Nicolle — European Medieval Tactics (2) (Fields)

David Nicolle

European Medieval Tactics (2): New Infantry, New Weapons 1260-1500

Elite189 (Osprey, 2012) 64pp $18.95 978-1-84908-739-1

OS9189-2David Nicolle’s book European Medieval Tactics (2): New Infantry, New Weapons 1260-1500 is from Osprey Publishing in the United Kingdom.  Some additional illustration work was provided by Adam Hook. Generally Osprey books are targeted at the enthusiast for the field of military history. This particular volume is a second part of the two-part series on European Medieval Tactics. A book attempting to describe the tactics of two and a half centuries of the medieval period was an incredibly ambitious project, and one that was carried out here with mixed results.

The first thing noticed when the book was opened was the pictures. It was rare to find a page without one.  For someone not comfortable with the more erudite examples of academic writing this would undoubtedly be a comforting sight. This comforting sight can be somewhat treacherous, however, as the pictures often do not support the discussion on the page which they appear.  For instance pages 8-9 have three pictures of some types of armor from the fourteenth century. The text on the pages does not discuss armor and why these pictures are placed here is not explained.  A better job is done on the inserts having to do with particular battles. These typically break down a battle with events marked with a capital letter, and depict to whole battle with either a map of the battlefield or a painting by Adam Hook. While Hook’s paintings are very attractive the battles explained by maps seem somewhat more effective (6-7).

Something to be praised is that the book does not get bogged down in the Hundred Years War, which could easily dominate the discussion. Nicolle manages to include other regions which receive less popular attention such as Italy, Spain and Hungary.  For a book which is targeted at hobbyists from the English-speaking world this is quite unexpected and gives it a great authority as the survey it claimed to be. Yet the information managed to be conveyed in those sections was no more in depth than any other section of the book.  The overall weakness is that the complete text of the book–with the sidebar texts–is only fifty-eight pages. The discussion is therefore quite brief and has to spend most of its time naming what developments happened in different regions at different times and very little time describing how they came to be. Tactics are somewhat evolutionary and the text with its focus naming aspects of the period’s development the evolution of the period is absent. It also lack footnotes that would make it easier to follow up on a topic that catches the eye of the reader. The weakness of footnotes could be balanced by the easy to read bibliography, but like the pictures earlier, this can be somewhat misleading since the author only has thirty-three sources listed, none of them primary.  They do however come from languages other English, and the date of the listed sources does include more recent works.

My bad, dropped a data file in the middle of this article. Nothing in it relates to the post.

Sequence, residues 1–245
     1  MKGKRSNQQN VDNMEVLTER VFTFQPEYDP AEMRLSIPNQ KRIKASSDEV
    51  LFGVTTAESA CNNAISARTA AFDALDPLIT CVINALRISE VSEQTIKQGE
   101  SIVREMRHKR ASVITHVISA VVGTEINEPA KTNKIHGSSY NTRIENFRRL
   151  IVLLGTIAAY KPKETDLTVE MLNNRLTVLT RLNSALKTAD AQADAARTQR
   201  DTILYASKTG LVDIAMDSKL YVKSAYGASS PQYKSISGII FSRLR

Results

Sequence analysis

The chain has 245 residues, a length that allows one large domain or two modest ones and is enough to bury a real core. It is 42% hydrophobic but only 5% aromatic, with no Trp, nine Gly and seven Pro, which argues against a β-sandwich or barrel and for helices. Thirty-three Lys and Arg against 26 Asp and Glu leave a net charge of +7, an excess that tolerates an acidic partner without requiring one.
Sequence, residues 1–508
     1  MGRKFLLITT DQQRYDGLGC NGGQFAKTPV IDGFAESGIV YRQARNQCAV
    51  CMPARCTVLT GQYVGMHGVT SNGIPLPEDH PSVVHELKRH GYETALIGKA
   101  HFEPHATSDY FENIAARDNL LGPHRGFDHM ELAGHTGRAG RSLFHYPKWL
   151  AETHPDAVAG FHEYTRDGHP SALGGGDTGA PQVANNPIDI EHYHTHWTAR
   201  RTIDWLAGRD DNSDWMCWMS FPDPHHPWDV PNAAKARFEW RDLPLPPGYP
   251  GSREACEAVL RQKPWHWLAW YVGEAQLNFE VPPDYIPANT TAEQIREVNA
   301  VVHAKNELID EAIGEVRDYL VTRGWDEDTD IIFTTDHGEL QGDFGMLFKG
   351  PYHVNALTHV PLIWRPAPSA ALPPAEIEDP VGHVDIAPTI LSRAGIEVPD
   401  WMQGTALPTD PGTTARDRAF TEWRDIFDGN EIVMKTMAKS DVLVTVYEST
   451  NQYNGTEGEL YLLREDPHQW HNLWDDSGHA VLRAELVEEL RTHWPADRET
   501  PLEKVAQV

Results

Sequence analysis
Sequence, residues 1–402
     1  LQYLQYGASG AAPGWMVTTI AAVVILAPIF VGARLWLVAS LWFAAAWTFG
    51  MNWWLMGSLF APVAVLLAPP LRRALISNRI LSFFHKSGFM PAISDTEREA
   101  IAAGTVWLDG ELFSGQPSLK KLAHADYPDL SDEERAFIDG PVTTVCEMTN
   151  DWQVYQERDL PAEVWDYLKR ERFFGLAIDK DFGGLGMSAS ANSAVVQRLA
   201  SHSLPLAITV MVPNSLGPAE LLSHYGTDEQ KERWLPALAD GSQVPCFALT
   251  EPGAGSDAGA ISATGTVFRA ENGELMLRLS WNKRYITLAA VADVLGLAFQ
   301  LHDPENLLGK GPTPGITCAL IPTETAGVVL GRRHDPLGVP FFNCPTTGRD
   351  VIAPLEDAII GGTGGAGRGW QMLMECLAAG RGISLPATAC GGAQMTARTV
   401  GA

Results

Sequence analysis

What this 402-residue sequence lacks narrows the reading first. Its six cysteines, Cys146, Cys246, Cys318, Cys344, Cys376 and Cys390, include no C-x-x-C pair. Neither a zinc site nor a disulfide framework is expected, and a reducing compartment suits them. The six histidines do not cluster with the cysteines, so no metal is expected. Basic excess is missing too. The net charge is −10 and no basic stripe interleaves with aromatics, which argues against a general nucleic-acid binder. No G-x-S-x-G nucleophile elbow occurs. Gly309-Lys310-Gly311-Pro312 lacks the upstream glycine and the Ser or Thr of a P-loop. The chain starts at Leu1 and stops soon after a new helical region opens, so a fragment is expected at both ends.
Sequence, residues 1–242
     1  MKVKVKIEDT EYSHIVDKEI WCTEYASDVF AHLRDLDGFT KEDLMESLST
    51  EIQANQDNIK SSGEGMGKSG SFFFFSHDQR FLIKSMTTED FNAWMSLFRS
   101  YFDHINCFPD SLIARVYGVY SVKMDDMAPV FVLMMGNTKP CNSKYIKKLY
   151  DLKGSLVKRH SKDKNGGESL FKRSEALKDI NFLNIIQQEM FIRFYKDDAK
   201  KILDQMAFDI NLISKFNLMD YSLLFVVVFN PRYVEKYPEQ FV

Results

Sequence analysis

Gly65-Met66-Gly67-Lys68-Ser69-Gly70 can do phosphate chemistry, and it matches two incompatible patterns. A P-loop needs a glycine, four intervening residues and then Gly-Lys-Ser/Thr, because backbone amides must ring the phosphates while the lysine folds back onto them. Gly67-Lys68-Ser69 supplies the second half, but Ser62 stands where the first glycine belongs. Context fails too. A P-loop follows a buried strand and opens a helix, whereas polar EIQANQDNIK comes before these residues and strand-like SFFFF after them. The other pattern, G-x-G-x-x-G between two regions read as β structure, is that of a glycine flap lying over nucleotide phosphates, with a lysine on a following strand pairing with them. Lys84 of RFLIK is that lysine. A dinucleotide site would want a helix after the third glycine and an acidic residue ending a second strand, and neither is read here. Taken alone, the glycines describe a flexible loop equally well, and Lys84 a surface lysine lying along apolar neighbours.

For certain readers, these problems may not be as serious. The work was short and easy to understand. The pictures did not always sync perfectly with the text around them but they did display artifacts which could be helpful to someone reading for enjoyment.  While the state of the footnotes and bibliography may not inspire confidence from experienced academics, there appears nothing untoward.  It was just not a book which can be used to advance research on any of the topics it discussed. What it can be used for is to give an audience with no background on the subject a baseline of understanding. To go deeper than the most basic information, a reader would need another book.

As a standalone book, and even with its partner, European Medieval Tactics is short.  Its inserts and pictures drew attention but ultimately their support of the project is less than ideal.  It included regions which do not often receive much attention in the popular setting and gave a Pan-European perspective. Yet the text with its brevity might not even satisfy the modern hobbyist. It was so broad it did not stop to examine in detail many of topics which might appeal to the enthusiast.  A reader who has looked at other books on medieval military history will find nothing new or surprising. They might find some interesting case studies with the inserts, along with some very capable paintings. For a novice reader with little knowledge of the field, this book could be useful. However, supplementing it with other works would provide a better more complete picture of European medieval tactics. Perhaps the biggest reason to purchase this book was its highly approachable text, which while being sparse is sure not to overwhelm a reader unfamiliar with the subject.

Devin Fields

Texas Tech University (

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